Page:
Spinel occurs in a variety of colours, from white and black, to shades of grey, blue, purple, orange, green, teal and red. Bright red and blue spinel are the most valuable of its colour spectrum. The pure blue coloration of spinel is caused by small quantities of cobalt. Cobalt bearing spinel is rare and highly prized.
Red spinel has been mistaken for ruby over the centuries and some of the most famous “rubies” in the crown jewels are in fact, red spinels, including the famous Black Prince's Ruby in the Crown of England.
Ruby has received wonderful marketing over the past two centuries which is reflected in its price tag. Spinel was for a time left on the shelf, relegated as a collector’s stone. Luckily things are changing and this princely gem is receiving the recognition it deserves. So many rubies are heat treated and fracture filled while the price of pink diamonds is unobtainable for most people. Spinels remain mostly untreated and have an amazing, almost diamond-like sparkle and transparency while most rubies have a cloudiness due to silk and inclusions. There are many world sources and prices are still competitive, however are now rising quickly.
Fine red and blue spinel is more rare than corundum (ruby and sapphire) of equal colour but costs on average 30% less.
Spinel has excellent hardness (7.5-8 on the Mohs hardness scale) and durability, making it the perfect gem for rings worn daily, such as engagement rings. Like any other precious gem, it should be treated with care, and spinel rings should be removed prior to exposure to harsh chemicals or abrasive surfaces, and tasks such as gardening or gym, where it could get damaged.
Cobalt bearing blue spinel and pure red spinel are the most valuable colours, with bigger gems of vivid colour and high clarity commanding considerable prices. Red spinel is the most expensive red gem next to ruby and the rare red diamond. Bigger gems of high clarity and lustre in blue-grey, grey and pink are also rare and continuing to increase in value.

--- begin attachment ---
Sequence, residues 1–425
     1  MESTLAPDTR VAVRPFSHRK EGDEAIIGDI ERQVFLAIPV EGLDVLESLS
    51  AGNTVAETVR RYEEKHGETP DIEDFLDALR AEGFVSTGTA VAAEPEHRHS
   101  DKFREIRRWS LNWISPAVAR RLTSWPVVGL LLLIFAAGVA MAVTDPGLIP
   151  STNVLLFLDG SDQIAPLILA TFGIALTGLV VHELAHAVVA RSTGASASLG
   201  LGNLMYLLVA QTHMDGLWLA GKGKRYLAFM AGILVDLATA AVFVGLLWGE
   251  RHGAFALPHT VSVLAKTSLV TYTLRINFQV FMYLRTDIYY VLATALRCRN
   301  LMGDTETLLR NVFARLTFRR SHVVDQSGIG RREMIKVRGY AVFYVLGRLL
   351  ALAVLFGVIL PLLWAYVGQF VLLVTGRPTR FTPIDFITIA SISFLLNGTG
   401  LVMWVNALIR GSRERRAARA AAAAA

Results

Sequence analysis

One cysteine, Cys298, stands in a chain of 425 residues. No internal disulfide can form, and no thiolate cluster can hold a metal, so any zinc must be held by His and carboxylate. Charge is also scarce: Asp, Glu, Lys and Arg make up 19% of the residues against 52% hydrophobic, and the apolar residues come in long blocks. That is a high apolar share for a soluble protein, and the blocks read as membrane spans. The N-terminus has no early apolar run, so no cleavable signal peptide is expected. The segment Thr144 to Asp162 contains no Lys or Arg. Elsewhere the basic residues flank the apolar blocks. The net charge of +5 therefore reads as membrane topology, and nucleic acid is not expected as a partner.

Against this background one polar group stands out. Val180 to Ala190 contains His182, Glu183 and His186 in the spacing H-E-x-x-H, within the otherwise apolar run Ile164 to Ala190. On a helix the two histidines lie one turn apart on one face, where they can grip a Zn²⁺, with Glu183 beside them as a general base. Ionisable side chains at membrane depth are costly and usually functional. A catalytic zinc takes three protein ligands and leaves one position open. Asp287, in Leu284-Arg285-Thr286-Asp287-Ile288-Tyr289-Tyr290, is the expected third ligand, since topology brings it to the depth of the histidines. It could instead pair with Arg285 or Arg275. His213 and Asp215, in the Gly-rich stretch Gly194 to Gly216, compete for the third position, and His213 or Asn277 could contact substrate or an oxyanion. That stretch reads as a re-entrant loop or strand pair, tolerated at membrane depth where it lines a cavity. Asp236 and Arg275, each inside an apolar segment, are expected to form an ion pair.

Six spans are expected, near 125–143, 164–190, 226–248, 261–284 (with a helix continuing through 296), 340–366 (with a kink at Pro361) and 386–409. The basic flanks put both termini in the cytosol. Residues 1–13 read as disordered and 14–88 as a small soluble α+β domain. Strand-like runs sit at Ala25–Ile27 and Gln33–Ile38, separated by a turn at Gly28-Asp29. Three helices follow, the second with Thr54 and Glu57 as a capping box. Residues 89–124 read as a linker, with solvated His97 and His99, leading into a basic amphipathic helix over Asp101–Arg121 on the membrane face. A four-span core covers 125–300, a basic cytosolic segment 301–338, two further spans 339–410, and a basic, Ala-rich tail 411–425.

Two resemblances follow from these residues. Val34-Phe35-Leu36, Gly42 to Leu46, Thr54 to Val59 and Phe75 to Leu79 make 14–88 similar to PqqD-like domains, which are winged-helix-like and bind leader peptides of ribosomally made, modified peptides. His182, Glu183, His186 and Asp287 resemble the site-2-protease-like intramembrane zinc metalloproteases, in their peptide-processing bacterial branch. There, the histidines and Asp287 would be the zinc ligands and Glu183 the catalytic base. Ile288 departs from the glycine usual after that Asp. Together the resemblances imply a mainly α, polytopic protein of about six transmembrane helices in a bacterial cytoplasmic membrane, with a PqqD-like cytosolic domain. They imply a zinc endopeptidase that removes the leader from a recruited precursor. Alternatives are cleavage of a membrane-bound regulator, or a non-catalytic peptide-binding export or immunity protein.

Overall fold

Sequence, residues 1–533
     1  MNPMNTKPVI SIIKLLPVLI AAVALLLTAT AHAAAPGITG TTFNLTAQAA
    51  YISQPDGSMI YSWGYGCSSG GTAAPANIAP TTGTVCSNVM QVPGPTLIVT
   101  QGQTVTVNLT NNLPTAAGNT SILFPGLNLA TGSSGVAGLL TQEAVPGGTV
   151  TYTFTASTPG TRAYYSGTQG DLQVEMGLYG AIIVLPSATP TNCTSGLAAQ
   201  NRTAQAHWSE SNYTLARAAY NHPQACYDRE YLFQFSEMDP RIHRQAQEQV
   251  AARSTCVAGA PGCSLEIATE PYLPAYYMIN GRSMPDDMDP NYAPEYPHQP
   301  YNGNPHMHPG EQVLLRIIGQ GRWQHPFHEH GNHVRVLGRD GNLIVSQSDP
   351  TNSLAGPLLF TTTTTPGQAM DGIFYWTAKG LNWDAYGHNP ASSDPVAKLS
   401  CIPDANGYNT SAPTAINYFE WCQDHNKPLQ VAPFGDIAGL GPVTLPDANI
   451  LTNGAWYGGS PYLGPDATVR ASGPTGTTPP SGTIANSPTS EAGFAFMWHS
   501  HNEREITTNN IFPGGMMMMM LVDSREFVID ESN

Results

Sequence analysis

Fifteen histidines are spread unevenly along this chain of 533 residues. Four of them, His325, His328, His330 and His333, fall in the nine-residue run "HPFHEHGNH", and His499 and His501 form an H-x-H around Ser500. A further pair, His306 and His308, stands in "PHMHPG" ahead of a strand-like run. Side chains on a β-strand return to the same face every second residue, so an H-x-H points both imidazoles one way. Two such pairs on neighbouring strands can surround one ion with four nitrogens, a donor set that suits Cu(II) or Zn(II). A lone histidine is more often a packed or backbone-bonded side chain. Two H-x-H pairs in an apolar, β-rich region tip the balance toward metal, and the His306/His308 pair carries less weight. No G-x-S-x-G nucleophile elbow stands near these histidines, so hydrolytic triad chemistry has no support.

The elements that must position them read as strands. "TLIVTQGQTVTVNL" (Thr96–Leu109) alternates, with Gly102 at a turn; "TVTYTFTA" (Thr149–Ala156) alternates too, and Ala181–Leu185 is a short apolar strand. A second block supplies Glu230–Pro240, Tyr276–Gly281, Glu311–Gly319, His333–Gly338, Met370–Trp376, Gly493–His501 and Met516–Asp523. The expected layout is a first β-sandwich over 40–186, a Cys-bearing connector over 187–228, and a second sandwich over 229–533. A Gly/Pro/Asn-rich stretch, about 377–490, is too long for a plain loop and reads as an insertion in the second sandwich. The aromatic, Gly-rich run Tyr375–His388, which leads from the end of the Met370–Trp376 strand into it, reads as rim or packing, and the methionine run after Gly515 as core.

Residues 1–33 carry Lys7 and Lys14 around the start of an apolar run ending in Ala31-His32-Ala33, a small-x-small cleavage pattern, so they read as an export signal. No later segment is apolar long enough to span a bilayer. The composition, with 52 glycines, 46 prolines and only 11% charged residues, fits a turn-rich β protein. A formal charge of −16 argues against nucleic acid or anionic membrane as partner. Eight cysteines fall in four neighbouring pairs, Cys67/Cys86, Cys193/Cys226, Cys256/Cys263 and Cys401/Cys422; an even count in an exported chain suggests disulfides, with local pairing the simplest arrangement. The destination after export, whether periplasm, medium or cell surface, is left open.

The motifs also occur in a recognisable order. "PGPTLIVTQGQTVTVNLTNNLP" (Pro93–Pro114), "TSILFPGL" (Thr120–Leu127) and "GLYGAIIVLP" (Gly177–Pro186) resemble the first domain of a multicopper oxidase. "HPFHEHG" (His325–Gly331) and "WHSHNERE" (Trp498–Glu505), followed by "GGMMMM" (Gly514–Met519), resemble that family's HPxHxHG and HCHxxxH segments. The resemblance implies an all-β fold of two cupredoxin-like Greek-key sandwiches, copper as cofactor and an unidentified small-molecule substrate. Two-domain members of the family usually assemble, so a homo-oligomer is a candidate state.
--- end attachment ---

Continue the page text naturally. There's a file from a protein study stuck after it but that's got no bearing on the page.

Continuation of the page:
Sri Lanka, Thailand, Myanmar (Burma), Vietnam, Tajikistan, Afghanistan, Tanzania, Kenya and Madagascar.
Unlike sapphire and ruby, spinel is generally not treated.
Spinel has been synthesised for industrial purposes since around 2000. Synthetic spinel looks like glass but has notably higher strength against pressure. The first synthesis of spinel occurred in the 19th century, and in the 1930s synthetic spinel was a popular substitute for a number of natural gems such as aquamarine, emerald, tourmaline and ruby.
Hardness: 7.5-8 Mohs
Specific Gravity: (Depending on the composition) The rare Zn-rich spinel can be as high as 4.40, otherwise it averages from 3.58 to 3.61.
Refractive Index: 1.719
Crystal Form: Octehedra or flat triangular plates caused by twinning
Special Care: None
Durability: Very good